Friday, October 11, 2013

Instructions for Living a Life

This week I will do what all honest artists do in every moment of creation: I will borrow from another. It’s okay. The last original thought happened when the first Artist said, “Let there be light.” Everything since then has been derivative of all the infinite passion and imagination present on that youngest day. And still the universe is a bottomless well of new ways to see. This is our heritage—playtime that never ends!

And so I start with Mary Oliver’s words:

Instructions for living a life:
Pay attention.
Be astonished.
Tell about it.

Twelve words. Twenty syllables. One hundred million practical applications—and an uncountable number of impractical ones.

Instructions for living a life. I am tempted to add a modifier: Instructions for living a creative life. After all, we have come here in search of The Way of the Artful Warrior. But at the last minute I catch myself and imagine the poet left the training wheels off her words on purpose. Maybe she is saying that life is just life—always creative, always free, always a handful of possibility from which we make what we will. Living is creating. Creating is living.

Pay attention. Has it occurred to you that every time someone scolded you to pay attention as a child, or as a dream-walking adult gazing through windows during meetings and other Important Matters—is it possible that you were paying attention, just to the “wrong” things?

To pay attention well often means to rob from others in order to fill yourself. Ralph Waldo Emerson said, “Thou shalt not profess that which thou dost not believe…Thou shalt not heed the voice of man when it agrees not with the voice of God in thine own soul…The life of the soul in conscious union with the Infinite shall be for thee the only real existence.”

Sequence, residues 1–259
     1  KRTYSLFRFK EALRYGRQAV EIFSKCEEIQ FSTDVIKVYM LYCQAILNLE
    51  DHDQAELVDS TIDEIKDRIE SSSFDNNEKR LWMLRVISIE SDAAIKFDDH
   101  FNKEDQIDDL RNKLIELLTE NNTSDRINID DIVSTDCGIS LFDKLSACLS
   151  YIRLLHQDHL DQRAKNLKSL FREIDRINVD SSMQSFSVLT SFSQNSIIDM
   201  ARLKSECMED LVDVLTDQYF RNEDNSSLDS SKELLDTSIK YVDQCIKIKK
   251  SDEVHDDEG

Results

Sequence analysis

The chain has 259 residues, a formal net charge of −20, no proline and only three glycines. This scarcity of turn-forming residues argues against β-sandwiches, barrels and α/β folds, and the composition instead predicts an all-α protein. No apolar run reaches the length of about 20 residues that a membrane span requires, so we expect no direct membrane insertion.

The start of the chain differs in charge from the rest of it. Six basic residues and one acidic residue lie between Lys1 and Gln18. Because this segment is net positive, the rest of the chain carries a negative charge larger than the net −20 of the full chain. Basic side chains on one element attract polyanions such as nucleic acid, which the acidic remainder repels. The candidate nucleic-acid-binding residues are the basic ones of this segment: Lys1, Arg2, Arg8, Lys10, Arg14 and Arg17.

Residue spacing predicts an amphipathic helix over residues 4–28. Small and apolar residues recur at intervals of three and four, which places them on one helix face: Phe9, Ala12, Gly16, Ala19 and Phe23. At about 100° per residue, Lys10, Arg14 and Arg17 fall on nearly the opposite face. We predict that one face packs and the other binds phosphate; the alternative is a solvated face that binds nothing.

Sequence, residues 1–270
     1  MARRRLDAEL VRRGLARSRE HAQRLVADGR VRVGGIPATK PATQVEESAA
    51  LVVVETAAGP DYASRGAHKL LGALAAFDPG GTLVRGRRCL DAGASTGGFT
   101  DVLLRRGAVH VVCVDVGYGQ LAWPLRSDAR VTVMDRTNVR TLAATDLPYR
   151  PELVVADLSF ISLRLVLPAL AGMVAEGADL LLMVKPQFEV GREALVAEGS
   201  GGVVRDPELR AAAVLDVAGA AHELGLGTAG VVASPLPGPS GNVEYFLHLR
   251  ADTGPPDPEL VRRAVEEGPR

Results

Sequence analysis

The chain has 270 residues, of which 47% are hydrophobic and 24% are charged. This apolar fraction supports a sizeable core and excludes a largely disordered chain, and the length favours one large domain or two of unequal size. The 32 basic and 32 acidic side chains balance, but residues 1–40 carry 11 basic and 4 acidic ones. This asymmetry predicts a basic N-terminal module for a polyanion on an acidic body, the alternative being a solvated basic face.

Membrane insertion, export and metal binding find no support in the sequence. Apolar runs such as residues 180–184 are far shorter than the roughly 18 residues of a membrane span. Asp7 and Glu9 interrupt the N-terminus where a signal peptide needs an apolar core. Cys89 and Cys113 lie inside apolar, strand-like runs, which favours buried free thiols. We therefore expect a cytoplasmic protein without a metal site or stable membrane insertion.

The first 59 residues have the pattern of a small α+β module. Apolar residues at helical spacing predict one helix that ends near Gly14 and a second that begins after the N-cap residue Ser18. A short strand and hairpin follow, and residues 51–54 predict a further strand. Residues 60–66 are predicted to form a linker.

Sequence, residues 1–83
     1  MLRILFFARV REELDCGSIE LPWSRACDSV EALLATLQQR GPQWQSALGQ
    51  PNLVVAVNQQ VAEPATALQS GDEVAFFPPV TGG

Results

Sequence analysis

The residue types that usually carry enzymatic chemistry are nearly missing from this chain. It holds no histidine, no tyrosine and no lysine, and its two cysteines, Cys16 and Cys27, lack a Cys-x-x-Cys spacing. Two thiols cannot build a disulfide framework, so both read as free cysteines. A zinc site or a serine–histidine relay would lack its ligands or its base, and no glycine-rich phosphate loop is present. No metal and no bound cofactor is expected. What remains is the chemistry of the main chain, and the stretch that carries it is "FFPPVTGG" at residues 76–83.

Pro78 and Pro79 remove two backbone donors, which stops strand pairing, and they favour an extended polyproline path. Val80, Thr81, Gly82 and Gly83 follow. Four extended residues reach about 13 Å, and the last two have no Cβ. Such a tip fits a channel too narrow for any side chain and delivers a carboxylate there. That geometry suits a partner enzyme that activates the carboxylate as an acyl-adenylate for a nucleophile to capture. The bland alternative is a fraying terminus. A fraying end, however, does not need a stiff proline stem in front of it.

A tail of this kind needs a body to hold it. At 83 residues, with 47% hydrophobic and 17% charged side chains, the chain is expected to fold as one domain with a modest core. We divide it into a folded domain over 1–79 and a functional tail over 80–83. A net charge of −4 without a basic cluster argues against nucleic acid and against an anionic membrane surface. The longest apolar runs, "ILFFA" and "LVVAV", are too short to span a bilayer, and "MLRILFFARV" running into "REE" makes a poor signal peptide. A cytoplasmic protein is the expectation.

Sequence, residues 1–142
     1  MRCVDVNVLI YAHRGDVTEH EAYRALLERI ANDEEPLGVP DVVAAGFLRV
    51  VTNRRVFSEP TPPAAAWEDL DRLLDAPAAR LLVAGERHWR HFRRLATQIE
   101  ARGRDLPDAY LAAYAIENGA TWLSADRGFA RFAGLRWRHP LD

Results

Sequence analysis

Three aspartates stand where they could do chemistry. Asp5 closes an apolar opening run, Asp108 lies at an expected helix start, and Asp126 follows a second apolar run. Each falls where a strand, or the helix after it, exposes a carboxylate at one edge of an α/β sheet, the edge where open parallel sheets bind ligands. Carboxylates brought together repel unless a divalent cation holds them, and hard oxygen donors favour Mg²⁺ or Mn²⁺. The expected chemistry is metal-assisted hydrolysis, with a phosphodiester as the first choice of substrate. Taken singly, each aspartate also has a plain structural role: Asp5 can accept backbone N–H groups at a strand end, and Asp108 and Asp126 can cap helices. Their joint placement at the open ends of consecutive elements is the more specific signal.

Steal back your attention from those who have questionable use for it—sometimes even from ones you love—and pay it into seeing what poet Rosemerry Wahtola Trommer calls “the scarlet worship along the edges”—of everything.

Be astonished. If the dusty yet prolific cataloguers of the world have taught us one thing it is that looking is not the same as seeing. Here is what Wikipedia has to say about a pine tree:

“Pines are native to most of the Northern Hemisphere (see List of pines by region), and have been introduced throughout most temperate and subtropical regions of the world, where they are grown as timber and cultivated as ornamental plants in parks and gardens.”

Not an ounce of astonishment at the way a pine tree clings to cliff faces; turns forest air into another substance entirely—ancestral breath and aromatic music; speaks the poems of its kind in the house of flame; shelters the titmouse and the eagle; sways in wind like a sufi mystic; feeds the squirrel and the beetle; pries the mountain away from itself for a long journey to the sea; catches winter snow and holds it back to the sky in thanksgiving; in a long life, washes in the light of ten thousand full moons.

Astonishment is hard work now. The door opens when we commit to un-naming things. Un-knowing the facts. Un-learning “the way things are.” Read Neruda, go blindfolded into the woods, beat a drum and listen for voices chanting in the rhythm, be the fool for once.

Tell about it. Shout it! Bleed for it! The world is full of “art” that does everything right—form, color, story structure in three acts, verse-chorus-verse, dances of impeccable perfection—and is utterly unmemorable. It is the difference between hotel room carpet and a carpet of autumn leaves on the forest floor, still quaking with the astonishment of being. Speak nothing, make nothing until you are standing inside its magical, pan-dimensional, un-effing-believable soul.

Post these instructions everywhere. Let go of the shore and leap into the great current of living a life.

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